• Sara Charles

Making medieval ink - a guide to foraging for oak galls

Updated: Sep 13

Are you interested in making traditional medieval ink from oak galls, but not sure what to look for? This is a quick guide to foraging for galls in your local area. Making iron gall ink is not only a great creative process, but you end up with a really useful product and have the satisfaction of knowing that the main ingredients are locally sourced!


Galls are growths on trees, formed when a gall wasp lays its eggs. There are many types of gall wasps and they all form different shaped galls. Below is a selection of oak galls I've come across in my surrounding neighbourhood. Please note - these wasps are not evil and do not sting! They do not even look like wasps – they are more like small flies, and will not hurt you. Once the gall wasps have emerged, the galls can be collected and crushed. Mixed with ferrous sulphate, the tannins in the galls produce a lovely black ink, which has been used since classical times.


Clockwise: Marble gall, Spangle gall, Artichoke gall, Silk Button gall, Apple gall and Knopper gall



For making ink, we are only interested in three types, the marble, apple and knopper gall.


1. Marble Oak Gall

This is the best one for making ink. It's not native to the U.K., it was introduced from the Middle East in the nineteenth century, although it was well known in this country in the medieval period. It would have been traded, along with Aleppo galls, throughout the Mediterranean. The marble oak gall wasp (Andricus kollari), like most gall wasps, has a really strange lifecycle. An asexual female (pictured below, right) hatches from the round marble gall on an English oak tree in late summer. It flies off to find a Turkey oak tree, where it will lay its eggs on the buds. These eggs hatch sexual wasps, both male and female, in the spring, and they mate. When the female is ready to lay her fertilised eggs, she finds an English oak and lays an individual egg on the branch. When the larva hatches, it produces a chemical that induces the oak to grow a shell around the area, and thereby encasing the gall grub in a safe, woody nest. When the gall has grown to adulthood, the asexual female chews its way out, leaving behind a tell-tale escape hole.



Marble gall with exit hole and female gall wasp



Where to find: Anywhere there are English oaks and Turkey oaks growing together. Look on the underside of branches of young oak trees in late summer/early autumn. Young galls are green or yellow, turning brown as the wasp matures. They are hard and round, often found in clusters, about 1–2cm each. Make sure the gall has an exit hole if you don't want any surprises!

Ink: Very good quality, keeps well. It also develops a lovely rich smell, which reminds me of red wine (must be the tannins!).



Leaves and acorns of Turkey oak (left) and English (pedunculate) oak (right)



2. Apple Oak Gall

This is the one to look for if you want to stay true to the native fauna. The apple oak gall wasp (Biorhiza pallida) lays multiple fertilised eggs on the oak, which then forms a spongy, irregular-shaped growth. An apple oak gall will have numerous small exit holes visible, up to thirty. Like the marble gall wasp, they also have two alternate lifecycles. The asexual females that emerged from this gall will stay on this tree, but fall to the ground to lay eggs in the roots. The sexual generation will then hatch from these eggs, and the female climbs up the trunk to lay the fertilised eggs.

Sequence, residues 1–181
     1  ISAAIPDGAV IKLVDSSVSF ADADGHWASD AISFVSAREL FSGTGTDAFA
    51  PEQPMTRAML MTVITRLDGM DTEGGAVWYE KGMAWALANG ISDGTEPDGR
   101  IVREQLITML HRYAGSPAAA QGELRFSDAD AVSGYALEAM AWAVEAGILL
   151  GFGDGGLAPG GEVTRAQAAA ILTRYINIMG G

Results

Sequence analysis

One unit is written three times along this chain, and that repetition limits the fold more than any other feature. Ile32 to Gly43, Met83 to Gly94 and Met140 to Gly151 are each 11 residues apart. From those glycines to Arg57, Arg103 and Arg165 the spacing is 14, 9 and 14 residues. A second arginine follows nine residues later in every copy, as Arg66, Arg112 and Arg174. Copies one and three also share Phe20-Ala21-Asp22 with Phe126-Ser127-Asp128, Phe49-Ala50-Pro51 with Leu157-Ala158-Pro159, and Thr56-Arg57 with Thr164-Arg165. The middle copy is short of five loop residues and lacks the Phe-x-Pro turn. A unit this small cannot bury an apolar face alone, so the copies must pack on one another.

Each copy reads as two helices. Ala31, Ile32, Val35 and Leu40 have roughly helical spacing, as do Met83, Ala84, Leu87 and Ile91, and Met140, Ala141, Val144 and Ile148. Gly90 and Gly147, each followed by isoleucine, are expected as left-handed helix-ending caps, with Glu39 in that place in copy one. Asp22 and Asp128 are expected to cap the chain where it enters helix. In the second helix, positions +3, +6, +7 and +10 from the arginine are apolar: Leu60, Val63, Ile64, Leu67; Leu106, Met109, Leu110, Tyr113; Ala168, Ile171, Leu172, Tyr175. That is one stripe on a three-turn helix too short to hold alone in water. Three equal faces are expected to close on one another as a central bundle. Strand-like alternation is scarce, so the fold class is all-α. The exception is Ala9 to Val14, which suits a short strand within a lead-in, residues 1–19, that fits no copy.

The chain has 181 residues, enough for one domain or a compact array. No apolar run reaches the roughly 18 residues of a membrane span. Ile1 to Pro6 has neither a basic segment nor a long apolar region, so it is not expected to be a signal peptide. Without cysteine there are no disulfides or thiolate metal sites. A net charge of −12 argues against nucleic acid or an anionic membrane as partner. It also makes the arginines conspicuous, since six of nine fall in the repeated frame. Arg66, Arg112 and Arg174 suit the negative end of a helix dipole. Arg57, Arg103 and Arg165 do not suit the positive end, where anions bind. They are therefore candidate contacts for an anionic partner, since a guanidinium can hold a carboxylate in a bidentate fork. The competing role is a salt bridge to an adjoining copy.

Apple oak gall with exit holes from multiple wasps


Where to find: Young oak trees in midsummer, on low down branches. They are red at first, turning brown as the larvae develop. They are 3–5cm diameter and can be quite soft and crumbly, so remove with care.

Ink: Apple galls supposedly produce an inferior ink, which is why imported galls were preferred. Although I found that the ink it produced was just as good quality as marble galls, it did not keep as well, and went very mouldy through the winter. Despite removing as much of the mould as possible, it had a grainy texture that meant the ink did not flow smoothly. Good quality if used straight away!


Apple gall ink that went mouldy over the winter



3. Knopper oak galls

These have got to be one of the weirdest! The knopper gall wasp (Andricus quercuscalicis) is a relative newcomer, arriving from the Continent in the 1950s and spreading rapidly by the 1970s. Fertilised eggs are laid by the female into the developing acorn, which then mutates around it and produces this weird alien shape. The asexual female emerges, and, like the marble gall wasp, flies off to find a Turkey oak where it lays eggs that produce sexual male and female wasps.



Knopper oak gall


Where to find: Anywhere there are English oaks and Turkey oaks growing together. The galls tend to be on higher branches than the marble and apple galls, from around mid-July. Quite sticky.

Ink: I wasn't expecting much, but this also produced a good ink. You have to use the galls quite quickly, as they go mouldy after a few weeks, and they are really horrible to handle as they're so sticky. The ink took a while to develop into a deep black and still smelt much more 'woodlandy' than the other two. Not sure how it will keep as this year is the first time I've made it.


Knopper gall ink


So there you have it. Now is the best time of year to go out hunting for galls, and a lovely walk around your nearest country park not only gives you a great sense of wellbeing, looking for oak galls gives you a greater appreciation of the methods of the past. To find out how to make iron gall ink, follow my guide here.




Sara Charles is a 'historical re-maker', recreating medieval manuscript production techniques to understand the practices of the past.

Follow on Twitter @sarajcharles or #medievalstuffwithcats



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